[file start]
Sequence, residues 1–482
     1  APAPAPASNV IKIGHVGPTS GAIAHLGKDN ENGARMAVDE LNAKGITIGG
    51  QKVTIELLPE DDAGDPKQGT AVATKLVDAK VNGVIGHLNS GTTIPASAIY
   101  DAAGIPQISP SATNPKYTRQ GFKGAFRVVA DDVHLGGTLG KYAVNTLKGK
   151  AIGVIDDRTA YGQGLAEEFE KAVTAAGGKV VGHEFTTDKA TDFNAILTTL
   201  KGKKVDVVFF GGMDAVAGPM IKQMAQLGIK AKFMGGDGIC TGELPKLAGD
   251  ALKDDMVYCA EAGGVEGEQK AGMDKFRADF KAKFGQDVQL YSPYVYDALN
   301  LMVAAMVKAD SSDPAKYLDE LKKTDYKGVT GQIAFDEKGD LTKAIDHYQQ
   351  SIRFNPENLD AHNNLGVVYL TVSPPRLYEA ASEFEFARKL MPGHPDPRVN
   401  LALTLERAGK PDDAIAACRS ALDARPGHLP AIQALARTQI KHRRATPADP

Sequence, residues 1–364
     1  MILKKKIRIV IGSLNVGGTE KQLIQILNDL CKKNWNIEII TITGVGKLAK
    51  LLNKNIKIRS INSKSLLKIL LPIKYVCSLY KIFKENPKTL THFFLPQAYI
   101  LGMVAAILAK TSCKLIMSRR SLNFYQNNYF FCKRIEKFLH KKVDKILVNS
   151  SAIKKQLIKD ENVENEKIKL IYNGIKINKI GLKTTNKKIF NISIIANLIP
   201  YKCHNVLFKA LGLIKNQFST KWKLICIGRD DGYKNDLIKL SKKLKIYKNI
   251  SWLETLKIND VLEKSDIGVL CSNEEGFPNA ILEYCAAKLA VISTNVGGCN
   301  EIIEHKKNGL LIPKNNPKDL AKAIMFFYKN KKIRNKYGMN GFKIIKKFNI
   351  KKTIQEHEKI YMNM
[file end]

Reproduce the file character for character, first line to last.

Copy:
Sequence, residues 1–482
     1  APAPAPASNV IKIGHVGPTS GAIAHLGKDN ENGARMAVDE LNAKGITIGG
    51  QKVTIELLPE DDAGDPKQGT AVATKLVDAK VNGVIGHLNS GTTIPASAIY
   101  DAAGIPQISP SATNPKYTRQ GFKGAFRVVA DDVHLGGTLG KYAVNTLKGK
   151  AIGVIDDRTA YGQGLAEEFE KAVTAAGGKV VGHEFTTDKA TDFNAILTTL
   201  KGKKVDVVFF GGMDAVAGPM IKQMAQLGIK AKFMGGDGIC TGELPKLAGD
   251  ALKDDMVYCA EAGGVEGEQK AGMDKFRADF KAKFGQDVQL YSPYVYDALN
   301  LMVAAMVKAD SSDPAKYLDE LKKTDYKGVT GQIAFDEKGD LTKAIDHYQQ
   351  SIRFNPENLD AHNNLGVVYL TVSPPRLYEA ASEFEFARKL MPGHPDPRVN
   401  LALTLERAGK PDDAIAACRS ALDARPGHLP AIQALARTQI KHRRATPADP

Sequence, residues 1–364
     1  MILKKKIRIV IGSLNVGGTE KQLIQILNDL CKKNWNIEII TITGVGKLAK
    51  LLNKNIKIRS INSKSLLKIL LPIKYVCSLY KIFKENPKTL THFFLPQAYI
   101  LGMVAAILAK TSCKLIMSRR SLNFYQNNYF FCKRIEKFLH KKVDKILVNS
   151  SAIKKQLIKD ENVENEKIKL IYNGIKINKI GLKTTNKKIF NISIIANLIP
   201  YKCHNVLFKA LGLIKNQFST KWKLICIGRD DGYKNDLIKL SKKLKIYKNI
   251  SWLETLKIND VLEKSDIGVL CSNEEGFPNA ILEYCAAKLA VISTNVGGCN
   301  EIIEHKKNGL LIPKNNPKDL AKAIMFFYKN KKIRNKYGMN GFKIIKKFNI
   351  KKTIQEHEKI YMNM